President Muhammadu Buhari said in an interview with newspaper editors broadcast yesterday that he was willing to be probed over the money that funded his 2015 presidential campaign. “I don’t know whether I have some official protection. If I don’t have it, why haven’t you started the investigation? I see, very good. But then, it doesn’t extend to all the executives and party leaders and the party leaders are there.
“If anybody has received $100m to give to the party, I think he should be asked to tell us where he got the $100m. I know those we would eventually successfully prosecute, they wouldn’t leave it, neither will they let their friends leave it. We do not believe if we were so reckless we would get away with it. I don’t believe it”.
The president is playing the ostrich here. He knows where the money for his campaign came from, he knows it was stolen from the public purses of states such as Lagos and Rivers, and he was never willing to ask any questions about the sources.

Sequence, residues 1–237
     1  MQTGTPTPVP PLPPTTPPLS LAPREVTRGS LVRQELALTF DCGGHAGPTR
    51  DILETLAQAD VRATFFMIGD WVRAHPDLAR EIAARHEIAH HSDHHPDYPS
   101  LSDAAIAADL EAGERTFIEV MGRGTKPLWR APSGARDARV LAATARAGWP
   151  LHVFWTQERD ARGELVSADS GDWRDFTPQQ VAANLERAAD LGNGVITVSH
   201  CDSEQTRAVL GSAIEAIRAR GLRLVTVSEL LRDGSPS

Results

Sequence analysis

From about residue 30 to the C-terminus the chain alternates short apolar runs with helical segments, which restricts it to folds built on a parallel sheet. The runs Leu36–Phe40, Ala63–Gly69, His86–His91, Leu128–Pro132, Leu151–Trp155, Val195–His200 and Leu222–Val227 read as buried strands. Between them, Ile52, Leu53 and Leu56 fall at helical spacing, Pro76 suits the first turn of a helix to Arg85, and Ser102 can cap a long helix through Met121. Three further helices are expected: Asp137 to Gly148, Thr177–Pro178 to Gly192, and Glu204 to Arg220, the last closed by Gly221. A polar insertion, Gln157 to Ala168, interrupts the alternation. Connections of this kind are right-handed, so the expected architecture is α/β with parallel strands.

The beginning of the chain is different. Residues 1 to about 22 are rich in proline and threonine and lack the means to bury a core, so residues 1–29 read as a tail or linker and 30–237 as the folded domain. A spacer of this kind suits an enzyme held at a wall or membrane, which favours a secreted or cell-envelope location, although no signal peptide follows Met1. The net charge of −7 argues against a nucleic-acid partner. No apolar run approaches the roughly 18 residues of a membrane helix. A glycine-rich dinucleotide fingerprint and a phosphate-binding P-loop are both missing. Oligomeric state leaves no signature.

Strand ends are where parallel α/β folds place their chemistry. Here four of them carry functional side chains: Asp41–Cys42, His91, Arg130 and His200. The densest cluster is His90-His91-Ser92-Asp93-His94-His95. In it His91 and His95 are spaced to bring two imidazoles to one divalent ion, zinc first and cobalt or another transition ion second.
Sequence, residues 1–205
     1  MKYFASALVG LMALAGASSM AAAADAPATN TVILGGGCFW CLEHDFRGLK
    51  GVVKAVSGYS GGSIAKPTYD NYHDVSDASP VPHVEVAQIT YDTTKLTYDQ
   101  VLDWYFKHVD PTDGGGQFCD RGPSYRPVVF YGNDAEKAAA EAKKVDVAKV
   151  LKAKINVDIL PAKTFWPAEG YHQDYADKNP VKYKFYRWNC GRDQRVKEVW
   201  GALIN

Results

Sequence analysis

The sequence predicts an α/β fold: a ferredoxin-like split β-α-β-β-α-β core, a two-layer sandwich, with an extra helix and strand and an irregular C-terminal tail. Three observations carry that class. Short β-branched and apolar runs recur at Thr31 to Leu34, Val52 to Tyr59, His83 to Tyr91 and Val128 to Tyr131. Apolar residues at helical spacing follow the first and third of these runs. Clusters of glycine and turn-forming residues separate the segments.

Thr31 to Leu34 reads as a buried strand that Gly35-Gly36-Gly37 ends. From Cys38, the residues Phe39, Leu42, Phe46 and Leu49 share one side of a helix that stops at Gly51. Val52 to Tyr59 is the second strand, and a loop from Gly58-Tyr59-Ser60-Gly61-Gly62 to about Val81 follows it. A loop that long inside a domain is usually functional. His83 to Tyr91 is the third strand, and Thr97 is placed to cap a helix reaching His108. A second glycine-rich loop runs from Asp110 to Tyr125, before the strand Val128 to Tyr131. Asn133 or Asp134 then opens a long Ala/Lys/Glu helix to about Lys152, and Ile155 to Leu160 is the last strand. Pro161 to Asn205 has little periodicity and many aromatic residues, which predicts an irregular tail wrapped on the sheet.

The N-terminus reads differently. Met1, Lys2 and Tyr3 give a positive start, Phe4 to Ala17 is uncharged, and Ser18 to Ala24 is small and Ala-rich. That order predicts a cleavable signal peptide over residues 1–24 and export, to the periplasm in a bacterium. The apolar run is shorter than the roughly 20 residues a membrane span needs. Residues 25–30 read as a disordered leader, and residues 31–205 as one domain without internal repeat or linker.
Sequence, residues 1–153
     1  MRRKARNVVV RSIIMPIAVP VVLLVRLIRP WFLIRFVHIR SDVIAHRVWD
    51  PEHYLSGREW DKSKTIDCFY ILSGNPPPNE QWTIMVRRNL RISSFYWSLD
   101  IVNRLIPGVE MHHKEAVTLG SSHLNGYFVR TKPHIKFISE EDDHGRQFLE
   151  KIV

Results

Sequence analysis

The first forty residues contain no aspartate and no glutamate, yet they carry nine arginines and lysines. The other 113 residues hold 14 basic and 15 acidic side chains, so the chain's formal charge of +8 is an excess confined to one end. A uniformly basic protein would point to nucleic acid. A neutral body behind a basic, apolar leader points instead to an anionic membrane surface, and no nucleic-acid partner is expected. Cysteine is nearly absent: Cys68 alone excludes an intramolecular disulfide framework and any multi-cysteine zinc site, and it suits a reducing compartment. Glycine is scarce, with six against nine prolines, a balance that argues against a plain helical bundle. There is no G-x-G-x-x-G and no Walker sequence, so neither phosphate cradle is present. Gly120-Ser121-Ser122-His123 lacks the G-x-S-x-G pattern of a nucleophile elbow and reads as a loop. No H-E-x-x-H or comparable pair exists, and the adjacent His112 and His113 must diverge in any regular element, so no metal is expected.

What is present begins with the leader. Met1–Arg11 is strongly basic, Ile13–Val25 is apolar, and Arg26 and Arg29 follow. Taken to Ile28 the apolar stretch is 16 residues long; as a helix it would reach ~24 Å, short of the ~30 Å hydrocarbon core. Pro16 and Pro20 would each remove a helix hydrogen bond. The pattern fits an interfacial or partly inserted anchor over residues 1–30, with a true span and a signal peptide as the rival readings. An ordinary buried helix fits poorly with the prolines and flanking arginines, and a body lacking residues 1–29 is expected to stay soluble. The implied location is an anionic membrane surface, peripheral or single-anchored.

On Thursday 26 March 2015, two days before voting day, a branch manager of a “new generation” bank in Lagos informed a customer that there was no money available for him to withdraw because Bola Tinubu, the former Lagos State governor, had just withdrawn 500m naira (about $2.5m) in cash.
The manager told the customer that then president Goodluck Jonathan was “throwing money at voters and Tinubu had to counter PDP” (Jonathan’s Peoples Democratic Party).
While Tinubu made a significant financial contribution to the Buhari campaign, the bulk of the funds are alleged to have come from the Rivers State treasury, courtesy of then governor Rotimi Amaechi. Samuel Ortom, the Benue State governor later alleged that 80% of Buhari’s campaign money came from Amaechi. The UK’s Daily Mail put this figure at £140m.
It is no surprise that, despite a handful of petitions, neither Tinubu nor Amaechi have been bothered by the Economic and Financial Crimes Commission (EFCC). Buhari knows better than to bite the hands that fed him.